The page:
More buildings in Nairobi, Mombasa, Kisumu face demolitions


Demolitions of the building that hosted Java House in Kileleshwa.
Demolitions: The building that hosted Java House in Kileleshwa was brought down on August 6, 2018.

Five counties have the most number of buildings constructed on riparian land which risk demolitions as the government moves to reclaim the wetlands.

They are Nairobi, Mombasa, Kisumu, Nakuru and Eldoret.

According to John Chumo, a senior official from the National Environment Complaints Committee, the problem is exacerbated by tycoons who have used the space to put up illegal structures.

On Monday, demolitions in Nairobi began with Java House in Kileleshwa being brought down.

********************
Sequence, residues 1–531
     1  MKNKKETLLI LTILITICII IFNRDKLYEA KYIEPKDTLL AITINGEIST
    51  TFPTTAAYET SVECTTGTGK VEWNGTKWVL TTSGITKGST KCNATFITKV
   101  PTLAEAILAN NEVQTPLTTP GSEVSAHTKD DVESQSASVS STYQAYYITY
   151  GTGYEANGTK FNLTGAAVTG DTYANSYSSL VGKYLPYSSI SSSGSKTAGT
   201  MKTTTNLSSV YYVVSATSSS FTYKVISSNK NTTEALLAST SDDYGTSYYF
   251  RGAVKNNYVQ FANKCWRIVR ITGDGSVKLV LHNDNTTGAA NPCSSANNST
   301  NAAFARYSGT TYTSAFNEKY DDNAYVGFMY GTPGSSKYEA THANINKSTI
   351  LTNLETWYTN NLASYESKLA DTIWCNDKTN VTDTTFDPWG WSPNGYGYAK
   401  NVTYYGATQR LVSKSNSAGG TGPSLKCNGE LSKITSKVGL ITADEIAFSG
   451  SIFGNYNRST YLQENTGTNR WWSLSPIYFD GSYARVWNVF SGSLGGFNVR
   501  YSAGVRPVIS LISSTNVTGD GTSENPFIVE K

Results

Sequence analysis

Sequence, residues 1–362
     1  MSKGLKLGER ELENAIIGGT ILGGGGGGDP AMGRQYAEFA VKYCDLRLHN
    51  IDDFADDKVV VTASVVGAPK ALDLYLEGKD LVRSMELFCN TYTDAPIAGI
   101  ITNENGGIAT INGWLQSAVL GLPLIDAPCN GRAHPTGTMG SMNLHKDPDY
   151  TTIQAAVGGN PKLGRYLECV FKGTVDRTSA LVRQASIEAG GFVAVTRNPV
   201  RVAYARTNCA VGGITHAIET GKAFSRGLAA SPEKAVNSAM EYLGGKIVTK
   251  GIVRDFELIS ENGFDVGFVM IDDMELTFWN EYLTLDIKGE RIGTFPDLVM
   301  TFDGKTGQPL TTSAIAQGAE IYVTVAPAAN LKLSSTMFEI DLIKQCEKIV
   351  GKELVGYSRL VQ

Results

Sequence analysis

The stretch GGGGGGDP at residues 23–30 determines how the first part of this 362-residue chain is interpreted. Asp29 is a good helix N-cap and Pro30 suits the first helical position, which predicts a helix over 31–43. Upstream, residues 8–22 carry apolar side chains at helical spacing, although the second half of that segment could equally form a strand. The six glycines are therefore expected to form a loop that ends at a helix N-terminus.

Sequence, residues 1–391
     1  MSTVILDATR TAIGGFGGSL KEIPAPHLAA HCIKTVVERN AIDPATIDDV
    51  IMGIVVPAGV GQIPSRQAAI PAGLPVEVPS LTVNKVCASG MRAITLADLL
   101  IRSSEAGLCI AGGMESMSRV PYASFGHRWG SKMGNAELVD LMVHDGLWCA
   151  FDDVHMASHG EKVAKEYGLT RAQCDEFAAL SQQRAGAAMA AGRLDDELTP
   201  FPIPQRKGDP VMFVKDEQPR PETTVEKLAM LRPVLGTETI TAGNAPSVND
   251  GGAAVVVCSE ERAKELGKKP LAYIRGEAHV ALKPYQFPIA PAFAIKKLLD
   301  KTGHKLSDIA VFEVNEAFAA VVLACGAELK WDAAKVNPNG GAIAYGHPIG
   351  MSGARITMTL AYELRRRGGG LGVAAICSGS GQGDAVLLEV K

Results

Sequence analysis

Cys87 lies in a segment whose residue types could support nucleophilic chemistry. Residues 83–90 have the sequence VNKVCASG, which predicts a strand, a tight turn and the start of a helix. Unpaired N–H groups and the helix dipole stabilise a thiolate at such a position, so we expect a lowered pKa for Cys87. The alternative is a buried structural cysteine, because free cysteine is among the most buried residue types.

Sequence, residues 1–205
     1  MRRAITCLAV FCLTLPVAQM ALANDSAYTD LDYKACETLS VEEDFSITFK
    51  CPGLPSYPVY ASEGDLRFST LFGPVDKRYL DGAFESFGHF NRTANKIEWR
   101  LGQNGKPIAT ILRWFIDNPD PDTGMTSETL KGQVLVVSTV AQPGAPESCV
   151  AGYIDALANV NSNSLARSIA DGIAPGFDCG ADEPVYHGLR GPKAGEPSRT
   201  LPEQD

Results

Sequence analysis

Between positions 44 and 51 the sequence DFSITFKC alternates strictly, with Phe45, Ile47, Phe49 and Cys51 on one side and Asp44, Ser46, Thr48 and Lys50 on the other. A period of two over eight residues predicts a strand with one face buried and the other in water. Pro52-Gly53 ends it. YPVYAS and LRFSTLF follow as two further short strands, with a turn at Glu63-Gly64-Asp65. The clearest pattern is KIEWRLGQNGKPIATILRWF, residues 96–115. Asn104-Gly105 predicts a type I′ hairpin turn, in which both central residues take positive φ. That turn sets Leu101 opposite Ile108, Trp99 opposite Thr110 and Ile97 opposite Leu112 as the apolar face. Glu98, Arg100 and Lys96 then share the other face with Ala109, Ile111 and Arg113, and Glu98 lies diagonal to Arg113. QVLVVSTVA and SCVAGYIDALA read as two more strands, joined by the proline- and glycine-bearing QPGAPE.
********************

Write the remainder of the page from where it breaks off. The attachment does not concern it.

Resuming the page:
A section of local media also reported that another 4,000 buildings are to be demolished within the capital city.

On his part, Dr. Chumo said illegal structures have led to environmental degradation such as blockage of rivers.

He further noted that sewer lines drain into rivers greatly affecting the biotic components of the ecosystems.

Nairobi is the worst hit by effluent discharge to rivers with River Ngong and Nairobi River the biggest cause of pollution.

The official however lauded the National Environment Management Authority (NEMA) as well as two ministries; Public Works and Lands, for the ongoing demolitions of structures illegally built on riparian land.

“Moving forward, any developments should conform to the approvals of NEMA, the Water Resource Authority and county governments,” he added.

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